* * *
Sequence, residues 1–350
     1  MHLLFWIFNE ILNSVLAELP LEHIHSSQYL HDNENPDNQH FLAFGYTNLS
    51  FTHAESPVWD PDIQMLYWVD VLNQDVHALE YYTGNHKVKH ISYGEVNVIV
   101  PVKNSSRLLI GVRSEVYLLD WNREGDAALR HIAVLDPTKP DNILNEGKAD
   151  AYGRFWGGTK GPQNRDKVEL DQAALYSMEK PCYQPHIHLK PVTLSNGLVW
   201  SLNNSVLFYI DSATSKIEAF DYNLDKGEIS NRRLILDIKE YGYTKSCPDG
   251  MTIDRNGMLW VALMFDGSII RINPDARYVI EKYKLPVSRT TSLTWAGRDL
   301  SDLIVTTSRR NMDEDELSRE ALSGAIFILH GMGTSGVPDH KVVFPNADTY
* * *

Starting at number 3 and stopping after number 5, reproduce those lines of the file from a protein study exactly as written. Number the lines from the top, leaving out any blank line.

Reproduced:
    51  FTHAESPVWD PDIQMLYWVD VLNQDVHALE YYTGNHKVKH ISYGEVNVIV
   101  PVKNSSRLLI GVRSEVYLLD WNREGDAALR HIAVLDPTKP DNILNEGKAD
   151  AYGRFWGGTK GPQNRDKVEL DQAALYSMEK PCYQPHIHLK PVTLSNGLVW